The “Natives” performing  a native dance  
The “Natives” performing  a native dance

The landing of the survivors on the island, for instance, with everybody walking over and over around it, ends up looking silly. And the survivors’ encounter with the “Natives” completely lacks realism. Maybe it is the dialogue that make us laugh even when the “Natives” are threatening Peter, Molly and the children to death and are trying to kill them. Because of the beautiful costumes, the  scene  is colorful, and  funny, specially  the drag dance. but as an “adventure” the scene does not move the plot and makes us lose the thread  of  the serious story.

At the end, of the play, however, when things get finally together and most of all the problems are solved, PETER AND THE STARCATCHER gets tender. We have seen Peter and Molly, fighting,  Molly being  kidnapped, the sinking of their ship, their battles with the pirates, Peter drowning in the ocean, both threatened by "The Natives" and now the journey is over.  It is the time for Peter and Molly to decide what to do with each other: to remain together or  to say goodbye.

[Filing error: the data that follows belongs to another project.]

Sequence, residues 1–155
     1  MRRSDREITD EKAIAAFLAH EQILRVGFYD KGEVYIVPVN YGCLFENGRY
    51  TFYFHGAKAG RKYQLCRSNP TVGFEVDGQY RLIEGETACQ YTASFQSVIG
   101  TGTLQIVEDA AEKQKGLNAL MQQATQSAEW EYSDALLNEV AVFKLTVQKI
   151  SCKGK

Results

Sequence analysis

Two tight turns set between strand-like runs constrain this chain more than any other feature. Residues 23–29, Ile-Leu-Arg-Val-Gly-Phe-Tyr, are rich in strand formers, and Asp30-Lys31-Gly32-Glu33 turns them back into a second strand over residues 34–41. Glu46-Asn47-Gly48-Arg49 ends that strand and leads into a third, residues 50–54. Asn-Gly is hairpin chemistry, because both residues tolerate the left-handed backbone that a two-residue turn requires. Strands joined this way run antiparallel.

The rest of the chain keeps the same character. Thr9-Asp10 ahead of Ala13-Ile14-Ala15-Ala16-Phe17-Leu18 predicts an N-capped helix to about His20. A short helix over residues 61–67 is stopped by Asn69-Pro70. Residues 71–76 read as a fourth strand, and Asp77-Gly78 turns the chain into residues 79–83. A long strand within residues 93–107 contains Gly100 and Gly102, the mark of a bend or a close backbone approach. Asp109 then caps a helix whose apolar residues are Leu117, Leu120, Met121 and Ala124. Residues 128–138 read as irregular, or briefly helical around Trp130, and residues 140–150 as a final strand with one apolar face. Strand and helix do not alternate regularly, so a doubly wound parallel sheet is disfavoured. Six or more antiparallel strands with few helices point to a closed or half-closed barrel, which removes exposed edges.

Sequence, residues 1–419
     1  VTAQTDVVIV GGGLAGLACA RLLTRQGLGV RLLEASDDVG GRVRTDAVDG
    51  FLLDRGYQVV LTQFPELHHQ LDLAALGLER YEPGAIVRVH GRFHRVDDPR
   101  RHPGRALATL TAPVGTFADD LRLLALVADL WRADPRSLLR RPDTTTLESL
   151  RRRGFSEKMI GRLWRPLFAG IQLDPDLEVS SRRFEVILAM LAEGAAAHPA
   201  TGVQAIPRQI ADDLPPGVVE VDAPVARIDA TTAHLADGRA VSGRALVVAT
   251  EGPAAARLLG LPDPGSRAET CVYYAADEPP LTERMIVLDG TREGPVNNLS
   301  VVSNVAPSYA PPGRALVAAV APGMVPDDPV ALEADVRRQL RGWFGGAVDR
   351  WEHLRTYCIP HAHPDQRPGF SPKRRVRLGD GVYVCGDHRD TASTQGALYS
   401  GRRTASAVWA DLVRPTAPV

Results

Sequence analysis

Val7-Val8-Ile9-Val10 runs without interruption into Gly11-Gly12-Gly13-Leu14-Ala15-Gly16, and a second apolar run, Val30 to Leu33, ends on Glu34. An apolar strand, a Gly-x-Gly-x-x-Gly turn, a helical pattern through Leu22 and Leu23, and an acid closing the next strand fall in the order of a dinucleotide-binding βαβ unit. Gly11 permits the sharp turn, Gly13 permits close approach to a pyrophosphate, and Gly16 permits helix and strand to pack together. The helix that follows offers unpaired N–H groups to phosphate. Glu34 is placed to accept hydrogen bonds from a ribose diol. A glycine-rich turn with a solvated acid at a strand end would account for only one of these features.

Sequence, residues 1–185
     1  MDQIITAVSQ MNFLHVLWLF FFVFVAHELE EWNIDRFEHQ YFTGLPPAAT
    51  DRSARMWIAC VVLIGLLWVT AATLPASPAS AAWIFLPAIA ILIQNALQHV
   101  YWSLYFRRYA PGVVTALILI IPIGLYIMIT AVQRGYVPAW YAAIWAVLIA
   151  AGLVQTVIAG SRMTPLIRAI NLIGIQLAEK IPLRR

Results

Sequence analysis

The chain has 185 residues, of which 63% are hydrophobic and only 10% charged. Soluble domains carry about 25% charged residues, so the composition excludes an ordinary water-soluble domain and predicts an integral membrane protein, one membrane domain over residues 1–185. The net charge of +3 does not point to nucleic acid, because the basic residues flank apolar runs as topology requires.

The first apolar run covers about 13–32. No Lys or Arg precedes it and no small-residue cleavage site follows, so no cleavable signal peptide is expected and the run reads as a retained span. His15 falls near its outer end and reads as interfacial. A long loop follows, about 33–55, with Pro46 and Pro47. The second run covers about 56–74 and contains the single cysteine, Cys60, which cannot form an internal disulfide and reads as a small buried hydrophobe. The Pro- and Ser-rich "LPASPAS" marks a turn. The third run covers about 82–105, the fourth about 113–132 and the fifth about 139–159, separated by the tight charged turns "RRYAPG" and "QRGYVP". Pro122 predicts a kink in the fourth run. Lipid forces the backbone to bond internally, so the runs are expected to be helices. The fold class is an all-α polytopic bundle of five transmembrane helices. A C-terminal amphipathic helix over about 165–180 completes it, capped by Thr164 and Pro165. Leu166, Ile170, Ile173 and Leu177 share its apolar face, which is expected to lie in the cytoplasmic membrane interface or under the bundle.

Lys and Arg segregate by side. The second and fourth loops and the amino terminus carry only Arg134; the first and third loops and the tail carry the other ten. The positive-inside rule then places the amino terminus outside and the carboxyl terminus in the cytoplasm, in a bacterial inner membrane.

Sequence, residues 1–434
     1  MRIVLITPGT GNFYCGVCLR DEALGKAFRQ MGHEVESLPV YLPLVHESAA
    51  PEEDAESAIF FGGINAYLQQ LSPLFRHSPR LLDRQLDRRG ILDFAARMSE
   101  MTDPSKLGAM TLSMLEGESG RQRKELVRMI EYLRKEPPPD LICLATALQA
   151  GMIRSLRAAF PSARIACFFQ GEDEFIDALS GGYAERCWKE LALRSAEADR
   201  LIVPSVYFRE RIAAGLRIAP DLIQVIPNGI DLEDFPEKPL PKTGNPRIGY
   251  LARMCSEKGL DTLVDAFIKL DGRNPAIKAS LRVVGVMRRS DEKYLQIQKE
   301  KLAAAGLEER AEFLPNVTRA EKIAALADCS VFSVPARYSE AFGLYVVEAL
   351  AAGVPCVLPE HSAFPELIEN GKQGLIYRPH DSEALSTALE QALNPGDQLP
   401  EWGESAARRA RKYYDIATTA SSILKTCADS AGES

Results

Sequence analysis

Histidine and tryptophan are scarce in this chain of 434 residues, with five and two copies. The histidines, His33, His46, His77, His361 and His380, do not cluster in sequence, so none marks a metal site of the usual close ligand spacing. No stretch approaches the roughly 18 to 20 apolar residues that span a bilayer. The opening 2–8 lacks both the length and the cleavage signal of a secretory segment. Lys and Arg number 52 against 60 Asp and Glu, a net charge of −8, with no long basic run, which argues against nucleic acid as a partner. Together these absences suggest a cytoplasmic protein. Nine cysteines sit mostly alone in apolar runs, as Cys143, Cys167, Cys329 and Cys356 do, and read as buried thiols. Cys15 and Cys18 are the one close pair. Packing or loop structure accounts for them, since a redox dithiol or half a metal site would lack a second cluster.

As the play director,  Robert Kelly managed to get genuine performances from each one of his actors.  As Molly, WALTERS went masterfully, through each one of her many emotions, showing us her courage, at times, and at other times her fears. Her women’s guts, and her  young girl’s vulnerability. Her love and her magic inside, and her outside magic as a star catcher.

As “Boy, ” in his demeanor, HOMSLEY  looked his role as   “lost boy” we saw his despair, his doubts. his fear of falling in love, and his change in attitude at the end after learning what he will be able to accomplish in the future, because he fell on the waters of  “The Golden Lake.”

Another excellent performance on opening night was the acting of DARREN BRIDGETT in his role as Lord Aston. His demeanor showed both: His class as an English Lord and as the Captain of an English ship, and  his concern and tenderness as a father towards his daughter Molly.   

As the pirates, both  Black Stache (KELLY)  played his role with gusto. GRODNER was a convincing Smee, and all the others who acted with energy in a their demanding roles. As the “lost children” each one of the actors represented his particular role well.

R- MICHAEL GENE SULLIVAN as “Fighting Prawn” and the Lost boys 
R- MICHAEL GENE SULLIVAN as “Fighting Prawn” and the Lost boys

For those interested in learning more about Peter Pan, including the reason why he flies, PETER AND THE STARCATCHER will provide the answers in an enjoyable evening with music, songs, dances, plenty of action and star dust magic.

For Ticket and information the public may call (650) 463-1960 or visit